“Like Homemade”? Not in Any Home I’ve Ever Seen.

Sunni's picture

Lobo recently sent me a link to a segment from a show titled How It’s Made. I enjoyed it quite a bit, and when it was over, YouTube helpfully suggested other segments. I should not have chosen what I did.

The next video I watched was on how Sara Lee muffins are made. I’m sure it isn’t as gross as other foods could be, but it revolted me, as well as raised my blood pressure. The latter commenced near the very beginning, when the narrator asserts, “These muffins are a lot like homemade”. I call bullshit on that. The narrator qualified that thought by pointing out the specialized equipment used and volume of ingredients necessary. While both points are valid, they aren’t the only differences.

If you’ve the stomach to watch the video (really, it isn’t gross; but it certainly wasn’t appetizing to me either), you may notice some interesting turns of phrase. The one that caught my immediate attention was the constant use of the ambiguous “they” and “workers” to refer to the people working the production line. I don’t think they can honestly be called bakers, because they’re simply minding the machines that are doing all the work. I suppose they are food technicians ... more accurately, quasi–food technicians. One bright spot is that this brand appears to use real blueberries, unlike many other quasi–food manufacturers.

Next, any number of suspect dry ingredients are glossed over as “a prepared mixture of dry ingredients”. Since the narrator did name the primary rising agents—baking powder and salt—as well as the flour, we’re left wondering what exactly those things are. Most likely they include sugar, dry egg product, powdered milk, flavor enhancers, stabilizers, preservatives, and possibly coloring agents and spices. Yep, I use all those things every time I bake homemade muffins. Watching the vegetable shortening go in to the mix was the most disgusting part of the vid to me; who would prefer that crap to yummy butter (except for those who cannot eat dairy, obviously)? But butter doesn’t have a long shelf life—and likely costs a good deal more than the shortening—so it’s out of the question.

I wonder how long the carts of prepared batter sit before they’re attached to the pump that squirts out the batter. Baking powder begins to chemically react with the liquids as soon as it’s blended in, so if they sit for any time, some of its rising power is lost. And they must sit for some nontrivial amount of time, else the workers wouldn’t need to tie a plastic protector over the cart.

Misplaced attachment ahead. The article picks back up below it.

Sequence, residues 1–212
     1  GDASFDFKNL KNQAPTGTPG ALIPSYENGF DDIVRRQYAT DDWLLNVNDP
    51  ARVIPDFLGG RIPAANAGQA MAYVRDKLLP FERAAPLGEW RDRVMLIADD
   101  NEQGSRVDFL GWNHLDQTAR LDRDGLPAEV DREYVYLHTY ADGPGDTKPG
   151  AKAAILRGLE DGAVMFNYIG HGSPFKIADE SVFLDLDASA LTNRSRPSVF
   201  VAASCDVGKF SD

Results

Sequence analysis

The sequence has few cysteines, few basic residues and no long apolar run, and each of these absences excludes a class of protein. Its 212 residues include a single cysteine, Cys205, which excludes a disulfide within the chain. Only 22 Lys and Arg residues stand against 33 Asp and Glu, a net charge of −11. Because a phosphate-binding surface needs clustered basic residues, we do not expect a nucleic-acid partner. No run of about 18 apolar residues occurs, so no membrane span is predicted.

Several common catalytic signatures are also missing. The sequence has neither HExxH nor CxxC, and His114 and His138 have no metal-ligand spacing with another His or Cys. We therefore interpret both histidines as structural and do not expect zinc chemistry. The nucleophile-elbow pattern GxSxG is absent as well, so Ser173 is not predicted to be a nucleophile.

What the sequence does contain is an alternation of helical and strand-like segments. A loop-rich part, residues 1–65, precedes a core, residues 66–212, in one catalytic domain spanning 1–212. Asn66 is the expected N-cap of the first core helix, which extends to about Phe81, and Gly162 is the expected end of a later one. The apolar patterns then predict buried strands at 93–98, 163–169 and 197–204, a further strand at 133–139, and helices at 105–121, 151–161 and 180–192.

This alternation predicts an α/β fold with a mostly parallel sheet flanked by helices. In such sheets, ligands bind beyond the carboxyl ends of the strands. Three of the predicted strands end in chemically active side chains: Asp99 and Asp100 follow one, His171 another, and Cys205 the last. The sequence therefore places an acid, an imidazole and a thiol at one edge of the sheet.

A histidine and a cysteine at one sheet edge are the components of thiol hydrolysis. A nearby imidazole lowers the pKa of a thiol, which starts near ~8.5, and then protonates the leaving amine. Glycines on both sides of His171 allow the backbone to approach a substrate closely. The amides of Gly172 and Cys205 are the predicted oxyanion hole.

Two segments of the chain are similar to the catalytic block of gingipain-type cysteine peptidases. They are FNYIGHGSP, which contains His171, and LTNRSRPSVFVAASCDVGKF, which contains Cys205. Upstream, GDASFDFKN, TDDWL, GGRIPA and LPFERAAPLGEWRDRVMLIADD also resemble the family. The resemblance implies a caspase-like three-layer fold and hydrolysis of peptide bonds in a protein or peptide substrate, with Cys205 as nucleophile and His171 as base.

Perhaps the thing that bothered me the most is the lack of the most important ingredient to good cooking: love. From one end of the production line to the other, nothing was touched by human hands. That may be a good thing in terms of sanitation, but it also means that the workers don’t need to care about what they’re doing. The stuff coming off that line could just as well be molded plastic or metal bits for all they care. A local bakery may use many of the same shortcuts as seen in the vid, but I’d be much more likely to buy something from them because the human element—watching, smelling, feeling, tasting, and adjusting as necessary—is present in the baking.

Making muffins is very easy. The only two extra things one need be mindful of are: not overmixing the batter (the dry ingredients should be just moistened by the wet ones); and not letting the batter sit too long before going in the oven, as already mentioned. And one has the choice to leave them simple, or dress them up with other flavorful and healthful additions, including nuts and spices. It truly saddens me to think that there are people out there who think these products are what real, homemade muffins taste like.

I’ve watched several of the food–related segments, and am pretty thoroughly turned off of eating processed foods, whether ready–made or used in restaurant service. It just doesn’t look like real food, and real cooking, to me.

[Also, the linguistic curmudgeon in me winced at hearing the narrator pronounce “Voilà!” as “Walla!”.]

In 1979 there was a

In 1979 there was a television movie called An American Christmas Carol starring Henry Winkler. Most of it was as sentimental and as sappy as you might expect. But there was one very telling moment when the young Scrooge analog was trying to show his employer what the future was: manufactured furniture instead of the hand crafted work that the company had always done before. It was almost as good and cost a fraction as much. Of course the master cabinet makers didn't think much of it…

It's a version of the old 80/20 rule. That last 20% of quality is more expensive by far than the first eighty. Assembly lines break a skilled job into easily handled not so skilled jobs that aren't quite as effective, but don't cost as much either.

So the question is, what tradeoffs are people willing to make for something that is better than good enough?

A free market is going to have a place for good enough, better, and amazingly fabulous. To me the important thing is the choice, not the quality. The quality will increase over time while the price drops as long as folks are free to choose. Given enough choice, even the bargain hunters will demand more value as time goes on. It doesn't matter if it's LCD TVs or microwave vegetarian hamburgers or underarm deodorant.

So yeah, processed food is disgusting if you know what's in it. But it's still better than what was available years ago. And faster too.

"The Market"

Most people understand that they don't always eat the cheapest possible food. They don't get their hair done at the cheapest possible place.

But they can't see how that would apply to other goods and services; clothes, furniture, electronics, etc...

People are weird. :)

*nods* And they still expect


And they still expect their old Jetta to accelerate on a hill…

Yes ... and no, I think.

It's a version of the old 80/20 rule. That last 20% of quality is more expensive by far than the first eighty. Assembly lines break a skilled job into easily handled not so skilled jobs that aren't quite as effective, but don't cost as much either.

I hadn’t framed it in that context before, but that is a very useful way of examining it. Thank you.

So yeah, processed food is disgusting if you know what's in it. But it's still better than what was available years ago. And faster too.